A place for everyone, and everyone in their place
No criticism of the Waterford hurlers is meant when I say their hearts weren’t really in it during the second half of today’s heavy defeat to Kilkenny in Nowlan Park. Really. There was nothing in the first half to suggest Kilkenny were going to accelerate away until Michael Walsh was sent off. With Waterford down to 14 men, we saw two stark contrasts in hurling:
- You may be able to get the blood up in the heat of the Championship when you’ve had a man sent off, much like the raging bull performance in the 2004 Munster final after John Mullane had had his marching orders. But in front of a few thousand people in a match which Waterford don’t have to win to get to the business end of the League, forget about it.
- While there’s a lot of blarney from Kilkenny folk about the intensity of their will to win under the winning-is-habit-forming regime of Brian Cody, there’s no doubt that everyone from 1 to 15 on the Kilkenny team is acutely aware of the need to keep their performance levels up for fear of some whippersnapper taking their place.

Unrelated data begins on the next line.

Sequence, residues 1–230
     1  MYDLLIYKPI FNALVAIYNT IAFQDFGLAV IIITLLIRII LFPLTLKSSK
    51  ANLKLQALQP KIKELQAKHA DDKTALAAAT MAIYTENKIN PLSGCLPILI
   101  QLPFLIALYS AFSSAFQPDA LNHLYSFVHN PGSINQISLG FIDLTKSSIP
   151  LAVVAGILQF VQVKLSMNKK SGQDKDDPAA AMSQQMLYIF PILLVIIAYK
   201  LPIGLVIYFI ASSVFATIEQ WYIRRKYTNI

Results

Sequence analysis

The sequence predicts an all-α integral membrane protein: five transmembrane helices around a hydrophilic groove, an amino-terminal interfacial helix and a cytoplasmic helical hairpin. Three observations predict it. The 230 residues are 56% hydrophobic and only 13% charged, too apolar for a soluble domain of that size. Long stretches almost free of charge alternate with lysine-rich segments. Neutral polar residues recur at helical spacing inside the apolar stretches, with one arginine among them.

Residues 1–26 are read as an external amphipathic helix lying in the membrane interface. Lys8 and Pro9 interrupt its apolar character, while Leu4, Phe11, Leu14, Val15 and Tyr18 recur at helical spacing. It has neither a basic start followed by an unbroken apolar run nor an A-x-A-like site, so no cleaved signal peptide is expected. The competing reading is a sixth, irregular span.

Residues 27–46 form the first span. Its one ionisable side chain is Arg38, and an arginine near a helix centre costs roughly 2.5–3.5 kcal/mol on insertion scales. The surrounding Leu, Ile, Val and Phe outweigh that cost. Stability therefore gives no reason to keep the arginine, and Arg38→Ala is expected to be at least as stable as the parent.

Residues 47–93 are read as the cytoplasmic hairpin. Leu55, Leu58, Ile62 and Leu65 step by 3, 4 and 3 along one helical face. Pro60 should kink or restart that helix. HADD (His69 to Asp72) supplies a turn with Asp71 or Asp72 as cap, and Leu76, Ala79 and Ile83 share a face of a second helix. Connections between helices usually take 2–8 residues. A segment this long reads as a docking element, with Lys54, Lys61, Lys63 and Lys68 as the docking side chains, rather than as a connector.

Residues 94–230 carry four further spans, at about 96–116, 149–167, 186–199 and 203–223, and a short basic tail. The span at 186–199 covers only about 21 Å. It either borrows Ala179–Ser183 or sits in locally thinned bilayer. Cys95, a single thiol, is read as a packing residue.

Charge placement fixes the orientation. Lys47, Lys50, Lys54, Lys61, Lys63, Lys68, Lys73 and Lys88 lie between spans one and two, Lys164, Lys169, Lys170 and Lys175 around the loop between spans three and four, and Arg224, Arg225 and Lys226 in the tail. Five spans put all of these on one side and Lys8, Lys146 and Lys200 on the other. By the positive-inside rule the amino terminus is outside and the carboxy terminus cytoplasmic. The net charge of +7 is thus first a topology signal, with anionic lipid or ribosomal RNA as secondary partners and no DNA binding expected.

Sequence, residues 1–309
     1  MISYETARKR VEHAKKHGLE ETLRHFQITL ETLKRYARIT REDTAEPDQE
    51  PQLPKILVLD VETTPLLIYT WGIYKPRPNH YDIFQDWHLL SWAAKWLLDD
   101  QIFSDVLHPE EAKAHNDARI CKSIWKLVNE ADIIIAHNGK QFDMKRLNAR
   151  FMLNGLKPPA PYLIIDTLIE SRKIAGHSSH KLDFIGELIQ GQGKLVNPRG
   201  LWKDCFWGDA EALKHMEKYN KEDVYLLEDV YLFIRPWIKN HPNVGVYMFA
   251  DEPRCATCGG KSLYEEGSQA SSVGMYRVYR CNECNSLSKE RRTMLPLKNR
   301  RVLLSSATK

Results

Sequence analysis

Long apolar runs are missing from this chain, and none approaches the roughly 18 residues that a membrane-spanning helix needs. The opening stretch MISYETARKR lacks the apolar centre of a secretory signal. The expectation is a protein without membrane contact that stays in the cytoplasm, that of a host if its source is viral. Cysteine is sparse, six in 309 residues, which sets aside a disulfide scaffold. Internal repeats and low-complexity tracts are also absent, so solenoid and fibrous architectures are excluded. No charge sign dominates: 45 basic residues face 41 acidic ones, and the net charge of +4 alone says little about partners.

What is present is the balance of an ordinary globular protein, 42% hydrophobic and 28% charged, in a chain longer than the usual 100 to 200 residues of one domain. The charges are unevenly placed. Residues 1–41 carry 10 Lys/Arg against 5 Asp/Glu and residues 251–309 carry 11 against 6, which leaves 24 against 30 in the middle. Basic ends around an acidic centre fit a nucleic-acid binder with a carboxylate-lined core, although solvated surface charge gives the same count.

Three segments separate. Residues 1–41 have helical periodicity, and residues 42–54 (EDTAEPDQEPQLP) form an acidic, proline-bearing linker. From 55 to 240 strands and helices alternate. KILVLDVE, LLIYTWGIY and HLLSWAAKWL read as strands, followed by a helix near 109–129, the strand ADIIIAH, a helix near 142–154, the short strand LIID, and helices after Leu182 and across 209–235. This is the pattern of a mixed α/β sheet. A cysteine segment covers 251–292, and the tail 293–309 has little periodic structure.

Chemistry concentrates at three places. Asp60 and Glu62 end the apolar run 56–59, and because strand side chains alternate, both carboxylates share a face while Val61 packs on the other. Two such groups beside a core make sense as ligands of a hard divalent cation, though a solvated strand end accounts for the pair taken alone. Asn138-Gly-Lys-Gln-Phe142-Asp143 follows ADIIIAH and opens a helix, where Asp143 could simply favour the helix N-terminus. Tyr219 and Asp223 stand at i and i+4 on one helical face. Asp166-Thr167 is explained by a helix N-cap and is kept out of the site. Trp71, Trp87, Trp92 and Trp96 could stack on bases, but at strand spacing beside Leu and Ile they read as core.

The difference was demonstrated midway through the second half when Kilkenny’s wing-back – it might have been Tommy Walsh [Edit: according to 'Micheál', the point was scored by Michael Rice; see Comments below] – advanced into the Waterford 45 down the right-hand side of the pitch. Ken McGrath put in a relatively half-hearted shoulder charge, one which Walsh rebuffed with ease before knocking over a fine point. Again, no criticism of Ken is intended with that, he’s put his body on the line for well over a decade now and has nothing to prove. But even Tommy Walsh can’t be complacent, and it showed today.
Dublin are up next Sunday, and Waterford are worse off than they were this time last year, when they could afford to lose to an inferior team and still make the knockout stages. A win would be enough for Waterford to reach the quarter-finals, but it’s not confidence inspiring.